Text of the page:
• The monsters that everyone draws are often hilarious. Like they’re very good, pretty much no matter what. Even if they’ve got a “sorry mouth” or whatever Eric was calling it. Not me, different Eric. Lots of board game Erics. Everyone gets a different picture in their brain of what it’s supposed to look like, and I think that’s amazing. It’s also good when multiple players converge independently. So really, there’s no losing scenario.
  • I like that players tend to gravitate towards their own genre preferences, be it cute, funny, wholesome, terrifying, or otherwise. That’s probably one of my favorite things about the game is how many different lenses the suggestions are filtered through. You may be surprised as to how sinister someone makes something that you thought would be super cute! Unfortunately, I can’t do horror in the slightest so all the monsters I draw (including the ones I drew for this review so I would have art to show y’all) just look like friends or cute. It’s a curse and there’s no way around it.
  • Fairly portable; even more so, if you don’t bother with the included whiteboards. If you don’t bother with the whiteboards it’s just cards. Portability matters a bit less right now, because pandemic, but in the hopeful future you could very easily slap this in a backpack or deck box or Quiver and be on your way.
  • It also works great remotely. It’s really the only party game I’ve been able to play remotely. I tried Among Us. It’s not my kind of game. I just play Jackbox and this, now. You just need to make sure nobody looks at the card and that someone keeps time (preferably someone who isn’t also drawing, because, perverse incentives / it’s hard to look at the clock when you draw).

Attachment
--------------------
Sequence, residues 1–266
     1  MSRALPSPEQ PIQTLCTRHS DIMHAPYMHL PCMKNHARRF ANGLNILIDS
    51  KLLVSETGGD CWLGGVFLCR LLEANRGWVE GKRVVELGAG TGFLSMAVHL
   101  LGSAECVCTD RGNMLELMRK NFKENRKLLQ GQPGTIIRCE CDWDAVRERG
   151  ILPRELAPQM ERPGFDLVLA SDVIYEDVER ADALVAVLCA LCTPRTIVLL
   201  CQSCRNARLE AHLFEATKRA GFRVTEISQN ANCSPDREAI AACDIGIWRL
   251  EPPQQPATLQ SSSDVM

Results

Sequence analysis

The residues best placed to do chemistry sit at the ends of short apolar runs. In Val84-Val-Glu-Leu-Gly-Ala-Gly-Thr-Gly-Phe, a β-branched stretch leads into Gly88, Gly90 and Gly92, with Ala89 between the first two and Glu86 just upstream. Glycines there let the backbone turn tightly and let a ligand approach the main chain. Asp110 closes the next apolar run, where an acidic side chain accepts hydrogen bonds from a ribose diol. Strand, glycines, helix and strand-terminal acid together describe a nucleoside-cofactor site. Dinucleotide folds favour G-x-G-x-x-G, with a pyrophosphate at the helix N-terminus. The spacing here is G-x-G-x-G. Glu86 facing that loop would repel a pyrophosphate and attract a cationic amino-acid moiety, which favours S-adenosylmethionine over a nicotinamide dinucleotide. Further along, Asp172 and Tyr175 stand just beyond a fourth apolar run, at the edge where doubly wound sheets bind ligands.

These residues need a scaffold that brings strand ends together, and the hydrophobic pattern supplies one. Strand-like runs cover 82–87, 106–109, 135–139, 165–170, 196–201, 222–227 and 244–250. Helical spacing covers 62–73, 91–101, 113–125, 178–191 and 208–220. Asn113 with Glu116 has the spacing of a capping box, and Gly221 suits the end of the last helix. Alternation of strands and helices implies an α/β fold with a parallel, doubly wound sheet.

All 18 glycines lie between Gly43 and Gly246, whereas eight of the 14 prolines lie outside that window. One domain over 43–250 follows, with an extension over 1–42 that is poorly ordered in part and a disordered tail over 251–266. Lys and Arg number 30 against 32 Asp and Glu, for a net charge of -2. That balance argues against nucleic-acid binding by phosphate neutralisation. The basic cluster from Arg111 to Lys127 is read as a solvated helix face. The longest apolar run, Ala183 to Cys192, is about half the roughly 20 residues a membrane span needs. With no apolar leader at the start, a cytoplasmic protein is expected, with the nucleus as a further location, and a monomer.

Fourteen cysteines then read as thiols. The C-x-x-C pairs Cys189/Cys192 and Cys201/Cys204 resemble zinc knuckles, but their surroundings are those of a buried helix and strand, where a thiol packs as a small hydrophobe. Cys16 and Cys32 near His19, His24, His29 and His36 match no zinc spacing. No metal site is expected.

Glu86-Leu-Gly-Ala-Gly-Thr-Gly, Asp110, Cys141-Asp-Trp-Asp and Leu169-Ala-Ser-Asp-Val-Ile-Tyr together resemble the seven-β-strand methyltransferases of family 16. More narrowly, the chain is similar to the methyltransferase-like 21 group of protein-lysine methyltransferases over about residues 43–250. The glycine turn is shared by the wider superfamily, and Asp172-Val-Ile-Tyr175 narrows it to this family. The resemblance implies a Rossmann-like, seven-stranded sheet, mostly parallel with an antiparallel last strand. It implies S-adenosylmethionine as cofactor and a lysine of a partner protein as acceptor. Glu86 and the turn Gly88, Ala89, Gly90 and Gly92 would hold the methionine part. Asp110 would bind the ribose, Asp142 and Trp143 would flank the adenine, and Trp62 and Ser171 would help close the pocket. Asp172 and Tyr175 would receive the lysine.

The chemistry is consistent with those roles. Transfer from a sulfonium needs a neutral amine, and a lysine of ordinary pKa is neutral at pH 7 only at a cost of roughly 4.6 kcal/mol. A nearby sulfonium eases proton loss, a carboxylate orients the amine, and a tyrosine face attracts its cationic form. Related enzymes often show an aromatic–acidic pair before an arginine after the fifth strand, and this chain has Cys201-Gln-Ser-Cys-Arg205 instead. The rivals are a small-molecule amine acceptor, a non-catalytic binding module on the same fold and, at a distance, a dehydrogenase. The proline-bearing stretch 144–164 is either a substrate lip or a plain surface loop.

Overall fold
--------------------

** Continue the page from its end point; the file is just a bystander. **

• I love the monster art, too! They really got a great collection of artists for this. I’d love to hear more about the art direction for this game and how they chose what they wanted the monsters to look like. They’re very unique in an occasionally-nightmarish way.
  • I do tend to like drawing games a lot, even though I wouldn’t say I’m particularly good at drawing. Some part of exercising that part of my brain that doesn’t work very well is very appealing to me, I think. Plus it’s really great to see what everyone else drew. I would not call myself an artist, but I appreciate that that doesn’t matter that much in this game.


  • The game continues to be fun, but it, like many games I find mildly frustrating, takes longer when you have more players playing. It’s just a thing that lots of games do that I don’t like. It’s fair, in this context, but it almost makes me want to play more games with smaller groups rather than one very long game. We were fortunate to have a GM during my first full game, so that helped as well (since they handled the timer and showing the cards).
  • It can be kind of a “feels bad” if a player gets entirely shut out during a game. Just be careful with games that require voting on the “quality” of creative expression. It can occasionally be taken personally if nobody ever says anything good about one player’s art. To that end, I usually try to say something complimentary about a random player’s monster each round (there’s always something; these monsters are great) to try and make sure that players are getting positive feedback even if they’re not always getting the group vote.